</text> the text ends here,
</TEI> the TEI document ends here.

3.2.1 Another possible first division of the text: More than one <text> element

The transcriber may want to divide a document into more than one text. This can be done with the <group> element, which should be contained in the top level <text> element taking the place of <body> in the simpler scheme illustrated above. The following structure appears:


<text>
  <front> ... </front>
  <group>
    <text>
      <front> ... </front>
      <body> ... </body>
      <back> ... </back>
    </text>
    <text>
      <front> ... </front>
      <body> ... </body>
      <back> ... </back>
    </text>
  </group>
  <back> ... </back>
</text>

The main structure of the text, at the levels of work, first main division, second main division, first chapter of first main division, second chapter of first main division and so on, can be encoded in different ways. If the electronic document consists of more than one work, the <group> structure illustrated above is the natural choice. In that case, one would get multiple sets of further structural divisions, one set within each of the <body> elements. If the electronic document is considered as a single work, and placed in one <text> element, there will only be a single <body> element that needs further divisions.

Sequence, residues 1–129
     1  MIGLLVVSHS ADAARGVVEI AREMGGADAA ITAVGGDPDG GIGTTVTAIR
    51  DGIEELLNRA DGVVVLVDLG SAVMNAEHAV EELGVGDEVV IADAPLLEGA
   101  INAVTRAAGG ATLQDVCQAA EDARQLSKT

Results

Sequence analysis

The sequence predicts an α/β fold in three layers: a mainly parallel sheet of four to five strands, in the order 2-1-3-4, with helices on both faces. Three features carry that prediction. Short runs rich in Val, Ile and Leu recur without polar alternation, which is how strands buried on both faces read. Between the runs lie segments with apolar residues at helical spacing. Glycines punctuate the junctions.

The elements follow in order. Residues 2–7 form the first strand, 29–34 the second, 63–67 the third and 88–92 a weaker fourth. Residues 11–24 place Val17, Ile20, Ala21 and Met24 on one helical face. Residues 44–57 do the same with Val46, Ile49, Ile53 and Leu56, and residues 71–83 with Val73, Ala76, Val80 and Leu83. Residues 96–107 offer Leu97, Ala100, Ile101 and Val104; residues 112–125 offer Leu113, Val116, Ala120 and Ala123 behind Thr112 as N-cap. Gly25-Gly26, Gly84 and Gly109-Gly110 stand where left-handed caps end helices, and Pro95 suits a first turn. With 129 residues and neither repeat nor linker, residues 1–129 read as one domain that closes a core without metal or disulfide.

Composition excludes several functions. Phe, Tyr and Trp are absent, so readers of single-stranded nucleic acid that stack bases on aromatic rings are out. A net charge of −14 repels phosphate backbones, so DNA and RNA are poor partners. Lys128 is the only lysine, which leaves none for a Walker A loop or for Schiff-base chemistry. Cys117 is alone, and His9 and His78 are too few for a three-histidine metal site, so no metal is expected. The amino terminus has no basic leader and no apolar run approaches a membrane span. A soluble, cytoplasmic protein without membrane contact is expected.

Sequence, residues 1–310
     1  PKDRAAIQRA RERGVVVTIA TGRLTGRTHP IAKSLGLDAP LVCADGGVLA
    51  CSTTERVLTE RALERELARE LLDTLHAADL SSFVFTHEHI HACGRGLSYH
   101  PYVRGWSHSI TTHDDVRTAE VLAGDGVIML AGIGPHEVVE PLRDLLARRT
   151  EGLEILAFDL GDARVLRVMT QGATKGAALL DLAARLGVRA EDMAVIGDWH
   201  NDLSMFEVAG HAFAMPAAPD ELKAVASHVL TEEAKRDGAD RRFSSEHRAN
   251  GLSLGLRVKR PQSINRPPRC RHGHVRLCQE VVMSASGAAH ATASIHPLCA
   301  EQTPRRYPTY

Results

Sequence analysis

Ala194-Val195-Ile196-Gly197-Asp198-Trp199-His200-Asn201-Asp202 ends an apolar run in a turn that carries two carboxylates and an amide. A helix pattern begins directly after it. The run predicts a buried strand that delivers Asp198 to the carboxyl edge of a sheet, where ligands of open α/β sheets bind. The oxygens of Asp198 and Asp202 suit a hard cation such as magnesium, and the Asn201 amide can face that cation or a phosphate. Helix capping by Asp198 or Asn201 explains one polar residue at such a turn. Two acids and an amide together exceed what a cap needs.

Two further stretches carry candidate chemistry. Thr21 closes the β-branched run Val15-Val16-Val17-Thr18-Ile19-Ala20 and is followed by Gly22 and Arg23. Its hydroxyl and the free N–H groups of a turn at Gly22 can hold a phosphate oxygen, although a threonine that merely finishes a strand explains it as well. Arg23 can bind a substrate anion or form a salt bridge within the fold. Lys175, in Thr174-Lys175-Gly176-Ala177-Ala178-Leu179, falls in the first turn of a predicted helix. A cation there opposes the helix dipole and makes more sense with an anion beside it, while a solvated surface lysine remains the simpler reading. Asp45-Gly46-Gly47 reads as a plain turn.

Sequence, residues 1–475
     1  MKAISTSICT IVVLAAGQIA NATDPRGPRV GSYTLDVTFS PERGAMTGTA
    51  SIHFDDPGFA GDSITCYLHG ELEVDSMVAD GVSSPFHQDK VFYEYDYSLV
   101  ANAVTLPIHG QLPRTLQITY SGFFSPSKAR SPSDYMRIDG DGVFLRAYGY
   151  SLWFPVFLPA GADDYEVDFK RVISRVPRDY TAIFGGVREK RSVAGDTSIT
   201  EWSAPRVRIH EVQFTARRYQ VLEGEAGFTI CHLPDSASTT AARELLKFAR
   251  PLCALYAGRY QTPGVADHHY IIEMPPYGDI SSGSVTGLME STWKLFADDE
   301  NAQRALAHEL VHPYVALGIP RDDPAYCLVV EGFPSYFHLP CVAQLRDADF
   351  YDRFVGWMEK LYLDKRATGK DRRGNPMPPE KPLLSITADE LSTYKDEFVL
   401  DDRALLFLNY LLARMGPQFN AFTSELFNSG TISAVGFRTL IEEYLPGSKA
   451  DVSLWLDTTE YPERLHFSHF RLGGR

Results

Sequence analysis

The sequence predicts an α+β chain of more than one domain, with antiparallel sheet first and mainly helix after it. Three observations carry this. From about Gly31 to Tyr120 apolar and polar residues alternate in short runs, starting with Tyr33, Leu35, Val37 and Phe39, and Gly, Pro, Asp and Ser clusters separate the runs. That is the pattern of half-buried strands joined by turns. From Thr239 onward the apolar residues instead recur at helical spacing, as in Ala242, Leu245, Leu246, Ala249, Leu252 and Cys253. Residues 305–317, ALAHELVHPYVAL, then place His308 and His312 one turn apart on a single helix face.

3.3 Chapters: <div>

Further division of the <body> block is achieved through <div> elements, with one level nesting inside the other as the transcriber moves down through the hierarchical structure of the text.

3.3.1 Type- and level-specified <div> elements

In a complex document, <div> elements may be specified by @type and @n attributes. In this example, the three first chapters of a work have been contained in <div> elements at the same hierarchical level (siblings):